Ossios Loukas inspires because this is not simply another dead monastery, another symbol of a passing lifestyle. True enough, the empty cells cause one to reflect on the reasons why the simple monastic ideal has in general lost its appeal, even to the most pious Christians. But its vibrant architecture and the care and devotion with which it is maintained clearly reveal the life still left in the distinguished old building. One step inside the main church only serves to enhance this conviction.

The main church is octagonal with an enormous dome, nine yards in diameter. The Pantocrator looks benevolently down, surrounded by the Virgin, John the Baptist, and four archangels. Forming an outer circle around them are the sixteen prophets between arched windows. On the Templo (iconostasis) are four icons by the famous sixteenth century Cretan painter, Michael Damaskenos.

The mosaic of the Platytera Madonna in the apse is particularly splendid with a shimmering background of gold. Other works worthy of special note are the mosaics in the narthex.

The numerous decorations tell the story of the Bible, in Byzantine tradition, through these fascinating frescoes and mosaics. Frescoes of the saints adorn every available niche and arch, while richly colored marble slabs cover any remaining wall space. Rays of light – symbolizing truth and salvation – filter through the numerous small, round panes of glass in the windows around the church. They gently illuminate the tone and texture of these fine works of art.

The smaller, original church, dedicated to the Virgin (Panagiya), is less adorned, much of its wealth not having survived past disasters. It is, nevertheless, architecturally beautiful, with a fine exterior and interesting marble inlays on the floor. It is to this chapel that the faithful come to pray and light a candle, and where services are still held.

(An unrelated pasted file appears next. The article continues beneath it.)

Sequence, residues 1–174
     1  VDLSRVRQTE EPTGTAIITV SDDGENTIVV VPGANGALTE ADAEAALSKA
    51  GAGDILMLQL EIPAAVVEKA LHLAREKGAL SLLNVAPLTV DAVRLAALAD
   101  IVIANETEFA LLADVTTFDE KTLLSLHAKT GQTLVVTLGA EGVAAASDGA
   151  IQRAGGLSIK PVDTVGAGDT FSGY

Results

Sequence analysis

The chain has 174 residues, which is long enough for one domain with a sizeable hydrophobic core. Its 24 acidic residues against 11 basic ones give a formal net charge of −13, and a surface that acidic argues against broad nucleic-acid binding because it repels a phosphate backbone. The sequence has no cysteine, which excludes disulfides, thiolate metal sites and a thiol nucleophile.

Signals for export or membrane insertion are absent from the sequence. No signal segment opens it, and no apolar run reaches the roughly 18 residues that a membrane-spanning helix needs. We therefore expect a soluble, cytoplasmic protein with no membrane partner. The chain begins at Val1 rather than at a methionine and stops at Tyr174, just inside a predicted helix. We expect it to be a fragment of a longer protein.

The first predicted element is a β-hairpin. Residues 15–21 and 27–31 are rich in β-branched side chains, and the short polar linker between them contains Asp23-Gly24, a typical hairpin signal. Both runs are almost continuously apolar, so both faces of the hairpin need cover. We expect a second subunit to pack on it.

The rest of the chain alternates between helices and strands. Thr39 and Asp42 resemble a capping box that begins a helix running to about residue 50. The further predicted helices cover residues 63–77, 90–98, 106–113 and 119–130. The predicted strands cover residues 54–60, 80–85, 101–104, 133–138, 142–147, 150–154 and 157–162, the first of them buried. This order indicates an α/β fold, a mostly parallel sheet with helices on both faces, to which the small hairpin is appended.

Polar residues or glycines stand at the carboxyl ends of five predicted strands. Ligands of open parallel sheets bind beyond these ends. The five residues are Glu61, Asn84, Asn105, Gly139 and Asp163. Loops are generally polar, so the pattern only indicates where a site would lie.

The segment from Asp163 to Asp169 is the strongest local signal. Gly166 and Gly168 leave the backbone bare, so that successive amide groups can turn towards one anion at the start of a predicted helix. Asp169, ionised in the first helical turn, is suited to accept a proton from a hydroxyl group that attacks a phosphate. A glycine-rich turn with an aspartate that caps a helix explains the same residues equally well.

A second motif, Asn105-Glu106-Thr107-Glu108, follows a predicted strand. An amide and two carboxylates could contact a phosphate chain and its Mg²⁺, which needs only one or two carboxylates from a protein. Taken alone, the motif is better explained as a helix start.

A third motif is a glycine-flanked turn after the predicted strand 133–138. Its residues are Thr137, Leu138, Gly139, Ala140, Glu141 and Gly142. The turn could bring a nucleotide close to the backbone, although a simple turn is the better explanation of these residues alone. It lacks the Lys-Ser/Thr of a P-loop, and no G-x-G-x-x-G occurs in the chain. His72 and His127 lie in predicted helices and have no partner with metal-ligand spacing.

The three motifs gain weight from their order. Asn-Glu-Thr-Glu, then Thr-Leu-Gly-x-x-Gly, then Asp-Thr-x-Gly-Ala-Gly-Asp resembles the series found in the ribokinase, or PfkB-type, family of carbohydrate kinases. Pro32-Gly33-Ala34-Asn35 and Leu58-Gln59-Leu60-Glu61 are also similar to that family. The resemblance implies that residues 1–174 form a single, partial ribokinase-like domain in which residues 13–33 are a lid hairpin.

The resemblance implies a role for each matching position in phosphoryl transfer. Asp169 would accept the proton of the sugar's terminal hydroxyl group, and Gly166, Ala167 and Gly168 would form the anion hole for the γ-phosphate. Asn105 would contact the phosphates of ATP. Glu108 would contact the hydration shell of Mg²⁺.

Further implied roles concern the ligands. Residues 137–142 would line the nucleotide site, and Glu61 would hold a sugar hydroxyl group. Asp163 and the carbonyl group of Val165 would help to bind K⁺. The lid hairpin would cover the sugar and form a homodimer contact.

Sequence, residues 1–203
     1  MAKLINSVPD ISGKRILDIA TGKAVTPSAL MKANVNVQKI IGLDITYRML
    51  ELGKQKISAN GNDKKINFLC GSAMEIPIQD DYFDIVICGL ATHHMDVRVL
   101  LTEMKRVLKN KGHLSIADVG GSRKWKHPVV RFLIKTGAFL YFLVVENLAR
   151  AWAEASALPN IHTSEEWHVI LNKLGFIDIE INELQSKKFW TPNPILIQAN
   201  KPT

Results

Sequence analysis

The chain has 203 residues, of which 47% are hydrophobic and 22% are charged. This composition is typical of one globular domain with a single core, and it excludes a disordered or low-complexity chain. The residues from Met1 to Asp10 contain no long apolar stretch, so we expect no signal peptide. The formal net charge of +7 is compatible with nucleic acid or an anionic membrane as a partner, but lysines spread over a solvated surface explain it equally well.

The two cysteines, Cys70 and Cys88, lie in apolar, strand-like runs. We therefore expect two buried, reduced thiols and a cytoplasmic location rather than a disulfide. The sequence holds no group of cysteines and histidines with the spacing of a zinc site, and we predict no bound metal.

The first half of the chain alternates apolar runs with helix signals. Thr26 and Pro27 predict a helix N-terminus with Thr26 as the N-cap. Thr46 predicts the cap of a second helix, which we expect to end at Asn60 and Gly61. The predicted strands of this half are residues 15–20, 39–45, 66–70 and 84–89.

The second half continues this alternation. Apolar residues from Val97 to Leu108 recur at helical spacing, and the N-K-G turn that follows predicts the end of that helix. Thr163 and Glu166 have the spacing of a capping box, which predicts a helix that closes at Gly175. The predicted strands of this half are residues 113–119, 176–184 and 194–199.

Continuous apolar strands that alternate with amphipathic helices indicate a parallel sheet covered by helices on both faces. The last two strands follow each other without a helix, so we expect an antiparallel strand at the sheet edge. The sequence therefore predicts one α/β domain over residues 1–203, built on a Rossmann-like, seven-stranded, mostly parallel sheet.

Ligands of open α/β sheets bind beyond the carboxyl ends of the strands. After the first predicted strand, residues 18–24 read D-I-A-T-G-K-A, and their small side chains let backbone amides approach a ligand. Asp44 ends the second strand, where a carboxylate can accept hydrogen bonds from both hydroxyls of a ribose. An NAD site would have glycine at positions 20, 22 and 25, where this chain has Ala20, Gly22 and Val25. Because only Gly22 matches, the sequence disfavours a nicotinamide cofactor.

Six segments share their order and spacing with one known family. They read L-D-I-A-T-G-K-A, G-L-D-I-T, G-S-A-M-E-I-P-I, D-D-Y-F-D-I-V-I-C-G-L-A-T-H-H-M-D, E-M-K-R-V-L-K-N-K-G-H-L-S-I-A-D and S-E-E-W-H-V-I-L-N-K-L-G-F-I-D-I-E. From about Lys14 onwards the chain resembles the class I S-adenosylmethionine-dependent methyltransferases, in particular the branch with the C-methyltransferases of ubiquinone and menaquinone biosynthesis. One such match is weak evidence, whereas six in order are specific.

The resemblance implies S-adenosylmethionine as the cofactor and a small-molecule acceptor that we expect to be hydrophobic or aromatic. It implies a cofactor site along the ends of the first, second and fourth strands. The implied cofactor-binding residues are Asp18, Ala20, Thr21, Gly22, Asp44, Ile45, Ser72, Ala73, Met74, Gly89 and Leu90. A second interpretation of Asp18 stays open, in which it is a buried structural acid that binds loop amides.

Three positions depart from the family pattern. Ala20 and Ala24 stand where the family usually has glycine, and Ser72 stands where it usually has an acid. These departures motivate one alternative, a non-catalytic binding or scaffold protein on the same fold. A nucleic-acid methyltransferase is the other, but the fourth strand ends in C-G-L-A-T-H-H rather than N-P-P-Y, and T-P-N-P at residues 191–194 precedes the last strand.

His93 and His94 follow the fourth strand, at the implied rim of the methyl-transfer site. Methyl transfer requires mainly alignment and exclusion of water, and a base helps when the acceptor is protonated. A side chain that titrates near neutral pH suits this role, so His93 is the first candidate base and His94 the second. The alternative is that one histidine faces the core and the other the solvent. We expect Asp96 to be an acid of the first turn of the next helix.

The cruciform crypt below the main church is covered with superb wall paintings, contemporary with the mosaics in the large church. Eleven scenes from the Gospels, the twelve apostles, and 28 saints are commemorated on the walls, ceilings, and cross vaults. The tomb of Ossios Loukas is within, but his relics have long since been removed to the Vatican.

These beautiful buildings and their treasures not only inspire a deep sense of reverence in the beholder. The serenity that belies the battle-scarred past imparts something of the character of Blessed Luke himself. Although he was probably illiterate and left no writings, his Christian walk was indeed so humble, so loving, so Christ-like, that he was able to touch the hearts of such unlikely persons as the Emperor Basil, known as “the Bulgar Slayer.”

Resting in the courtyard after drinking some cool, mountain-fresh water from the Byzantine fountain, one can ponder what Loukas has to say to us today. Perhaps more important is what he has to say to the hundreds of thousands who pass by on their way to Delphi.

To the believer, of course, his message is a reminder of how God chooses the simple of the world and raises high the humble. It is also a needful restatement of what the Lord requires of us: to be witnesses to the Word even more than hearers of the Word.

But what message can Loukas offer to persuade the zealous seekers of Delphi’s oracle to turn from the broad road which leads to the pagan shrine and make their way along the narrower route to the Monastery of Blessed Luke? Surely it cannot be simply that the monastery is an extraordinary building containing great and ancient works of art. Yet this factor is indeed the one lure that does draw some busloads down to the valley of Mount Helicon.

Sad though it may be, most of humanity finds the broad way leading to the pagan places more attractive than the narrow Christian road chosen by the likes of Blessed Luke and devoted pilgrims.

Gerald Ring, a writer and photographer living in Jerusalem, is a frequent contributor to Catholic Near East.